Just in case you didn't know, MAFIAA is an, admittedly made up, acronym for the 'Music And Film Association of America'. There was once a parody article discussing the merger of the RIAA and MPAA and this was the chosen acronym. Ninja has already explained why this acronym was chosen.
That or Tomato. I haven't seen a new stable build of dd-wrt in a while. When I upgraded (laterally moved?) from a Linksys WRT610N to a Linksys E3000, I installed a modified build of TomatoUSB on day one after spending the previous week researching the various custom firmwares available. I may be in the minority but, I still liked Linksys' hardware but both my future purchases and my recommendations for others will probably be Netgear for a while because of this one.
Re: Just Like the Garage Door Install / Repair Industry
With certain older garages (like the one at the house where I grew up) this axiom is true. That door was solid wood and weighed a couple hundred pounds. Those springs...I saw one fly across the yard when it was improperly removed once. I'm glad no one was in the way. The newer springs though, since the doors are MUCH lighter, are a completely different story. Those springs may cut you up a bit if you're not careful but they probably won't break bones ^_^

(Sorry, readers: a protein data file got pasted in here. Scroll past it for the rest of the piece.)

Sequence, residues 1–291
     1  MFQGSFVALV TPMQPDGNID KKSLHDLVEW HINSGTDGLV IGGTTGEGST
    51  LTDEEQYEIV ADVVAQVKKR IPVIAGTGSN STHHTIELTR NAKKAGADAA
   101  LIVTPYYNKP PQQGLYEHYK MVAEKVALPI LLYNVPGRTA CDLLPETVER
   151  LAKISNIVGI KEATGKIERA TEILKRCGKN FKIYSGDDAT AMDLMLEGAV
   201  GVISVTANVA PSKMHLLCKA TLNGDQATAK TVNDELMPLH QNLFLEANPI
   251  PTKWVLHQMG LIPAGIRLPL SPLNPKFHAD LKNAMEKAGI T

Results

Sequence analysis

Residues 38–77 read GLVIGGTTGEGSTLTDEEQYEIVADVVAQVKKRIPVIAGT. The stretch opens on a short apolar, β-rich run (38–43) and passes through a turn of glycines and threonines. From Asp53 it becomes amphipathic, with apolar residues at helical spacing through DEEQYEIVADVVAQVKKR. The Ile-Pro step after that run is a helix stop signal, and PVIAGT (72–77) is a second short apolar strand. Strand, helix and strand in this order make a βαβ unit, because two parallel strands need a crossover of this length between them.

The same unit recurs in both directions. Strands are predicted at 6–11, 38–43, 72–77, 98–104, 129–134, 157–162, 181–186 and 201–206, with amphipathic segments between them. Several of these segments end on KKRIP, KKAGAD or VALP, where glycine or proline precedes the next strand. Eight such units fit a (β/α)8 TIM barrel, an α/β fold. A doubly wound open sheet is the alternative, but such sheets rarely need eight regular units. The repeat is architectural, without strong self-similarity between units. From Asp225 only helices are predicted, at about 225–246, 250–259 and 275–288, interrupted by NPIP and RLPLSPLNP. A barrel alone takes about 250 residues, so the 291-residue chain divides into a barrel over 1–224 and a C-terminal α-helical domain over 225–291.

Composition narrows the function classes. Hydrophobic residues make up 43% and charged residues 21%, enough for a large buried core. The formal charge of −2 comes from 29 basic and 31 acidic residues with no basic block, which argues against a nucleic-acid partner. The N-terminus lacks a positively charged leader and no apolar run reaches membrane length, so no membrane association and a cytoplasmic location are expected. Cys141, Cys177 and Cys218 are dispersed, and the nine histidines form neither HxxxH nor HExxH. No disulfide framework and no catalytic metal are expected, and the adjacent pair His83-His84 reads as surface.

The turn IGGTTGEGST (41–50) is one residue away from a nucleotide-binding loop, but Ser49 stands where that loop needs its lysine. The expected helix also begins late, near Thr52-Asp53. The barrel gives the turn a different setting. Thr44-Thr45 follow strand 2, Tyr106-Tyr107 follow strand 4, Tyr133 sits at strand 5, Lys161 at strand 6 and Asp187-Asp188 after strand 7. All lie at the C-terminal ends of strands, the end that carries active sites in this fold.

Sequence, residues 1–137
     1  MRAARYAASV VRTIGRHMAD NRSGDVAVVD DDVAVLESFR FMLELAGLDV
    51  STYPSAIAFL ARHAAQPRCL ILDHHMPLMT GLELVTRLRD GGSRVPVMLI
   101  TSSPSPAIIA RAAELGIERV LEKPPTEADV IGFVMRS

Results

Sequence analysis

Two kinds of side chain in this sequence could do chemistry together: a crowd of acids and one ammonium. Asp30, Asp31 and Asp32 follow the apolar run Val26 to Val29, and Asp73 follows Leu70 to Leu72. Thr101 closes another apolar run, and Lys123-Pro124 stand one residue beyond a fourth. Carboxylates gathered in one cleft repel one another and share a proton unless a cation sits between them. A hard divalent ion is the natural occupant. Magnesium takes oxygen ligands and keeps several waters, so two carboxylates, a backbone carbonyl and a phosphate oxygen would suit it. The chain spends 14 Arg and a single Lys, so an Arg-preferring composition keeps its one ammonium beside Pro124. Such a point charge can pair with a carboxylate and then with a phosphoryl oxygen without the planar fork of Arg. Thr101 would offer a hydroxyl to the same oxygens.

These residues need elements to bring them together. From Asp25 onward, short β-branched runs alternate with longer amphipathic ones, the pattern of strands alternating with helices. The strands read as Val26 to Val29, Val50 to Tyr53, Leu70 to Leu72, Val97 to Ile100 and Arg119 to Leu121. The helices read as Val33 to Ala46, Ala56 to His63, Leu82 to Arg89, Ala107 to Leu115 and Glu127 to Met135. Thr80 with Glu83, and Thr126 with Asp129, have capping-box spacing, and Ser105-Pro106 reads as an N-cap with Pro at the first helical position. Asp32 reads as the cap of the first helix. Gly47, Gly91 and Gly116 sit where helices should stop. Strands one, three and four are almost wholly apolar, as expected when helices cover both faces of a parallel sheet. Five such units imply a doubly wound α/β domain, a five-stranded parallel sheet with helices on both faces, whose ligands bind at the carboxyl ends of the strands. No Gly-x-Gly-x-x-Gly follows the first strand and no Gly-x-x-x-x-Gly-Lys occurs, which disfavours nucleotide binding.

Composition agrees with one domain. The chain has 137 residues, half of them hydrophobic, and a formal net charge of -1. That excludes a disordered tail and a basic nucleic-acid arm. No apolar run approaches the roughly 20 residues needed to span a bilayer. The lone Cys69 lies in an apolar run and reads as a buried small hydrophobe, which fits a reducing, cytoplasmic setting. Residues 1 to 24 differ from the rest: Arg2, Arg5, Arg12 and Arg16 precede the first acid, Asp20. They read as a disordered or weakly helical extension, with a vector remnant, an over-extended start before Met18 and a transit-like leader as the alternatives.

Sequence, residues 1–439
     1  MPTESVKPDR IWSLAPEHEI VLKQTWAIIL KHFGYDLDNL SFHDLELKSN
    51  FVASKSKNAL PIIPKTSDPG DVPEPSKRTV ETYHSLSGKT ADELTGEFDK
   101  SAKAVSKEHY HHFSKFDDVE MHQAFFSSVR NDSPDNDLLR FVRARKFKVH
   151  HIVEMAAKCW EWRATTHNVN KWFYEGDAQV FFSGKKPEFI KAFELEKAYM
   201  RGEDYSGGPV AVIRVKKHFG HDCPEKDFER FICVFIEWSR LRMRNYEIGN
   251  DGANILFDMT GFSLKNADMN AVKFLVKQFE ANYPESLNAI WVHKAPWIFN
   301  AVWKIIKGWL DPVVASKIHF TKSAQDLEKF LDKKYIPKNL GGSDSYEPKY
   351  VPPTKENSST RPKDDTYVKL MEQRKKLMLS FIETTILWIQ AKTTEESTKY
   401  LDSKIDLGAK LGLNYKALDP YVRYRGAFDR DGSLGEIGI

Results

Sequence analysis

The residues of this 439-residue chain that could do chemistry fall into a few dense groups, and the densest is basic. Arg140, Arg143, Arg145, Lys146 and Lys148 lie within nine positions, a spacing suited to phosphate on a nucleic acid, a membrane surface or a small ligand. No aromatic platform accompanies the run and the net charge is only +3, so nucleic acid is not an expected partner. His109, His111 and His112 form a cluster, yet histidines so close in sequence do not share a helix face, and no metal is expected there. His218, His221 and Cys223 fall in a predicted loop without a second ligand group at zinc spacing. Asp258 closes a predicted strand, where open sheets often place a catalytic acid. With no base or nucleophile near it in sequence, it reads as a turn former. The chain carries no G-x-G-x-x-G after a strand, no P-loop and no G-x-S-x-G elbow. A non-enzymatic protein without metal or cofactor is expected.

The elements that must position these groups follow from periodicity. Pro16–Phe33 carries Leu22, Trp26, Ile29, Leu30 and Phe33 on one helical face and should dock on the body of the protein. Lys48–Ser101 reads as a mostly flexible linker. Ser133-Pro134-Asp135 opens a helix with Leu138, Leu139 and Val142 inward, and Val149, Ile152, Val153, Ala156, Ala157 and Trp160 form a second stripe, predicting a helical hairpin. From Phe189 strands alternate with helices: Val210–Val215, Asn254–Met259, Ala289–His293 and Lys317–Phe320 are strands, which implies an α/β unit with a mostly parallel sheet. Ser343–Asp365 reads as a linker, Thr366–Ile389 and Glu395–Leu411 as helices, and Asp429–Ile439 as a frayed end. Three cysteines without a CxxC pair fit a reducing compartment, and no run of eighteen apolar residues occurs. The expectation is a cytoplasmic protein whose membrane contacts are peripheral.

If the United States with our stated ideal of free speech were to implement something like this I'd finally be motivated to set up that virtual Guest Wi-Fi network on my router on purpose just to get charged and fight this law. In fact, I should go and look into setting it up now.
At the very least both YouTube and Vimeo allow HTML5. It's a user setting for both and, on YouTube at least, it's considered a beta feature. Also on YouTube, Flash still gets used for videos with in video advertisements. Adblock doesn't stop this. You still get a Flash player, you just don't see any ads.
Technically Charter has a 300GB/month cap too. (I think it's higher for their 50 and 100Mbps service tiers but I'm not sure.) It's a soft cap and I haven't had them enforce it on me yet but it's in the ToS.
I'm willing to say that gasoline in the US is quite nicely priced compared to most of the world right now ^_^ Remember, most countries tax their gasoline at a very high rate, partially to encourage savings. Many countries with lower fuel prices are either net exporters of oil and use those funds to subsidize their gasoline costs. Honestly, the US is near the middle of that particular list. For example, as of today, 95 octane gasoline averages $10.18/US gallon in Turkey.
We suck pretty bad concerning our prices and service in many areas but fuel is NOT yet one of them.
As far as building/owning the infrastructure is concerned I'd still be fine with the federal government doing so. The way the law is worded now, a private company CAN give your information to government without a warrant and tend to do so to avoid friction. However, if the government actually owns the infrastructure then there would be no private company there to coerce and the 4th Amendment would still apply. I know that there have been issues with people or organizations within our government violating our rights but, at least this way there's the chance of a legal argument protecting the data.